via Flight Global
Three weeks after a prominent member called the size of the F-35 joint programme office (JPO) “disturbing”, the Senate Armed Services Committee has proposed to disband the organisation just as an $8 billion follow-on modernisation programme is taking shape.I stand ready to be corrected on this but from my chair it looks like a major part of the F-35 business and operating plan has just been blown up by the Senate.
The committee’s version of the National Defense Authorisation Act for Fiscal 2017 approved on 16 May would eliminate the JPO after the Lockheed Martin fighter transitions to full rate production two years later. Management responsibilities would be divided by variant, with the US Air Force taking over procurement and modernisation of the F-35A and the US Navy gaining the same powers over the F-35C and the Marine Corps’ F-35B.
If adopted by the full Senate and the House of Representatives and signed into law by President Barack Obama, the provision would mark the single-largest change in the management of the programme since it was formed in the late-1990s to manage the fly-off between the Lockheed X-35 and Boeing X-32. It would also raise questions about the status of international partners under the new management structure.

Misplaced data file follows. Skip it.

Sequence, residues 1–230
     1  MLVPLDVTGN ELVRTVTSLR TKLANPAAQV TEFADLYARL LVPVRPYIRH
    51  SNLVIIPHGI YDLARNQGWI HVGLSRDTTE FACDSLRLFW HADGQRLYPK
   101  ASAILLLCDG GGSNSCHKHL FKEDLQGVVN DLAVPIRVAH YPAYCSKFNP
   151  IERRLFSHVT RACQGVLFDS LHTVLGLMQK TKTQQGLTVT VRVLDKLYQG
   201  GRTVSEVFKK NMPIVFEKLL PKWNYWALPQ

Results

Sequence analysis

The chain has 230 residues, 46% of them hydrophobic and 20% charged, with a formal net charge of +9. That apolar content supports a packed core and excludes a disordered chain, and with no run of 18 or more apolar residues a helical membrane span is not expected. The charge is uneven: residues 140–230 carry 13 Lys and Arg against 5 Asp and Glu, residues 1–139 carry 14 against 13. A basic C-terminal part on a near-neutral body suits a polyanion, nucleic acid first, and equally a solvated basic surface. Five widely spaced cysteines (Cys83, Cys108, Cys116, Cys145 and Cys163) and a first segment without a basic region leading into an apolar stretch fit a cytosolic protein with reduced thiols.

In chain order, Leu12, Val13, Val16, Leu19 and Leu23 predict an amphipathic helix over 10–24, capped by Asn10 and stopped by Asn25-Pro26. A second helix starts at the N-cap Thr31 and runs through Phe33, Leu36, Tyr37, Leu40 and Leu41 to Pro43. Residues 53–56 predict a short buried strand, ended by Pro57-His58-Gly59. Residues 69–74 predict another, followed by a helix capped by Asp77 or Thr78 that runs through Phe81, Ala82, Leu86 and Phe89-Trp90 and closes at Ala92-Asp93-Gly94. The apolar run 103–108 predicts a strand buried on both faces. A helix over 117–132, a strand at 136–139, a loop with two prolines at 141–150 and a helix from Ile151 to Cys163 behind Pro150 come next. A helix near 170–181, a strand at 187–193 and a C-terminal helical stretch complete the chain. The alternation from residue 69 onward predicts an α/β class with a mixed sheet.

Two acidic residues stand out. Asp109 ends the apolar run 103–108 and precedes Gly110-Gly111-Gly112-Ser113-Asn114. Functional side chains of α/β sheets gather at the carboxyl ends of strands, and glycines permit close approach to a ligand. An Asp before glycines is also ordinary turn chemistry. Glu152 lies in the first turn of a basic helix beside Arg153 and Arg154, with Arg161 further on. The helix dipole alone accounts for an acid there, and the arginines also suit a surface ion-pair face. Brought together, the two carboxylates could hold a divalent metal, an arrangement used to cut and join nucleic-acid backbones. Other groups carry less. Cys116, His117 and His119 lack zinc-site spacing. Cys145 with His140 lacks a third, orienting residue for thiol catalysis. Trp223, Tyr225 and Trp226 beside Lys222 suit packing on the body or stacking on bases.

The Senate committee wants the programme to be managed directly by the services that operate the aircraft, rather than under a joint office that reports directly to the offices of the Secretary of Defense.
“Despite aspirations for a joint aircraft, the F-35A, F-35B, and F-35C are essentially three distinct aircraft, with significantly different missions and capability requirements. Devolving this programme to the services will help ensure the proper alignment of responsibility and accountability the F-35 program needs and has too often lacked,” the committee wrote in a summary of the bill.
If this proposal survives and I see no reason why it won't then the dream of "duplicate" capabilities across the F-35 line, across services and nations is about to go the way of the dinosaur.
This has huge implications.
First it decimates the potential earnings of Lockheed Martin. If you owned stock in that company then you better be calling your people now! 25% of LM revenue is projected to come from continuing upgrades of the F-35. This move throws open the door to other players coming in. Next it also makes the idea of other people doing the "Israeli" thing of demanding some type of accommodation to do local upgrades more likely. The other big thing is that by killing the program office after it finishes development means the planning for block upgrades is essentially dead...each service will do its own thing...certain versions will be cleared to carry only a few of the weapons...costs will increase, the numbers bought reduced, and there will be no savings because of scale (as if there ever were).
The dream that was the F-35 died today, May 17, 2015.